But what amused me was stumbling on “The Injustice Collector”, about Joyce heir Stephen James Joyce and his own notoriously strict control of his ancestor’s estate:

Once, the death of a major literary figure marked the moment when scholars could interpret his work with genuine freedom. After Proust died, for example, academics began excavating the connections between his homosexuality and his art. Yet when Stephen Joyce succeeded in muffling a whole field of study with a combination of litigation and bravado, others took notice. Paul Zukofsky, the son of the poet Louis Zukofsky, said of Stephen’s efforts, “What I’ve heard sounds very, very good. He is a staunch defender of rights.”

Rights or money, which is it?

Richard Rorty, 1931-2007

Here I was about to write on Dante, and I hear that Rorty has passed away. Rorty is such a paradoxical and multifaceted figure that his death gives me cause to ponder my own philosophical orientations and biases. Even more than other analytic “slipstream” figures (my appropriated, tongue-in-cheek term for those analytics who headed, intentionally or unintentionally, towards an epistemological and hermeneutic rapprochement with continental developments: late Wittgenstein, Quine, Sellars, Goodman, Putnam, Davidson, McDowell, and Brandom, all of whom owe some kind of debt to the American pragmatists, particularly Peirce), Rorty let himself abandon the analytic style and rigor and embrace far more historicist positions. And I feel this pull myself. But complicating this is the seeming existence of three Rortys. In roughly chronological order:

  1. the analytic “linguistic turn” Rorty (Philosophy and the Mirror of Nature, etc.)
  2. the pragmatic deconstructionist Rorty (Contingency, Irony, and Solidarity, etc.)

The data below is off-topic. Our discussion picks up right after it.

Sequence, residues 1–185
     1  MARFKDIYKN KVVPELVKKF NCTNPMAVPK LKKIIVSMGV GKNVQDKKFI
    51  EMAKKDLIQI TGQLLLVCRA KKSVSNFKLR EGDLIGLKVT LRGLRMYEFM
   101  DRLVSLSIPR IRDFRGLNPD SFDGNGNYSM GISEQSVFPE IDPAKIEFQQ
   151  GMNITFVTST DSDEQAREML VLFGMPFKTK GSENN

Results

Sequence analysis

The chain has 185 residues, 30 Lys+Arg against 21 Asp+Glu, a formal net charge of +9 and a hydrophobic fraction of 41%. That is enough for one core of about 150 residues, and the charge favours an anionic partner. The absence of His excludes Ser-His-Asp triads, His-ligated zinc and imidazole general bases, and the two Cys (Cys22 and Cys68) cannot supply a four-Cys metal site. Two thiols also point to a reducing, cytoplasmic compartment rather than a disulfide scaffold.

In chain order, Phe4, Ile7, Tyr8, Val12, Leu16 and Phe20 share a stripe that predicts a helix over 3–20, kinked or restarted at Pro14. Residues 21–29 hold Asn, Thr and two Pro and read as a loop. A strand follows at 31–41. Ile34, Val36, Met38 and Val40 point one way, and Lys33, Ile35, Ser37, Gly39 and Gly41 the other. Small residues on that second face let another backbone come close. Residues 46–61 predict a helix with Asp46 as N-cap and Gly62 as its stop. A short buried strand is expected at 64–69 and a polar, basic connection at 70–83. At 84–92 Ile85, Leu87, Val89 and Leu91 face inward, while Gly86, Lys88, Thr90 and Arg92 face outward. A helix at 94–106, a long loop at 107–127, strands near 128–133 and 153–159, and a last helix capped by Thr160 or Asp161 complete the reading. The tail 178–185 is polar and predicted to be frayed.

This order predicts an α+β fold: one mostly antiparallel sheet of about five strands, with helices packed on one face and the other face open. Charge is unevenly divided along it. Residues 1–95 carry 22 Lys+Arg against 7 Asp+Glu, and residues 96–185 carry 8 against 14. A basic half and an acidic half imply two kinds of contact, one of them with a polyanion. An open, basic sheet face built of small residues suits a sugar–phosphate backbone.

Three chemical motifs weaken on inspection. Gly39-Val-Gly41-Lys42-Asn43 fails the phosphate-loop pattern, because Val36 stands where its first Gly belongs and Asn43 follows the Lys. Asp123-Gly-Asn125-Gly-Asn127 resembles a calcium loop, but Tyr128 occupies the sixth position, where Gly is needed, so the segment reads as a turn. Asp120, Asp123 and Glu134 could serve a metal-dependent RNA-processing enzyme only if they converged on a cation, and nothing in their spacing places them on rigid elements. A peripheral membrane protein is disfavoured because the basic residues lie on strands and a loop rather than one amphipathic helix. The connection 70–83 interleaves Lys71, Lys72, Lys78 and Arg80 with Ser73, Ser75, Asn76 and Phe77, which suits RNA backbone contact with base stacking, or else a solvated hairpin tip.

3. the liberal populist Rorty (Achieving Our Country, late essays, etc.)

Even worse, the earlier Rortys continued to coexist with the later ones, although the analytic Rorty disappears mostly from the picture post-Contingency. The reason for this vanishing is that Rorty wisely realized that the post-Sellarsian philosophy of language was neither useful nor supportive of the relativistic pragmatic liberalism that the other two Rortys wanted to promote. Between the first two Rortys is Rorty turning his back on the analytic tradition and collapsing the lessons of Sellars and Quine into a roughly deconstructionist stance that Rorty inherits from Derrida, as well as an explicit embrace of historicism. There is little talk of sensing, mind, or language as practice in his later work, though clearly Rorty maintained enough affinities with his analytic forefathers to acutely criticize post-Kripkean analytic metaphysics. I am in great sympathy when in that article, he observes, criticizing Kripke-worshiper Scott Soames:

To my mind, the story of 20th-century analytic philosophy (including the role of Kripke in that story) is best told by highlighting questions about whether truth is a matter of correspondence, about what is and is not ‘out there’ to be corresponded to, and about whether there is any sense in which thought makes ‘direct contact’ with reality. So I regret that Soames’s history shoves these issues into the background. But perhaps correspondence is just my hobbyhorse, as necessity is his.

Couple “language” with “thought” and “truth,” and this is indeed my view of modern analytic philosophy as well. But even as he says this, his later work makes it clear that Rorty had lost interest in this question in and of itself, and was far more concerned with its implications and utility in political and cultural frameworks. His leap to an embrace of continental traditions is not surprising in this light, and his status as a maverick seems to be mostly due to this leap alone. His actual positions fit squarely into a deconstructionist (or “post-structuralist,” if you will) mainstream, with a little American flavoring. With regard to his treatment of meaning and language, Rorty’s actual separation from Derrida lies less in his ideology and more in the comparative clarity of his writing, which did as much to offer analytics a bridge to deconstructionist thought as it did to antagonize them towards it.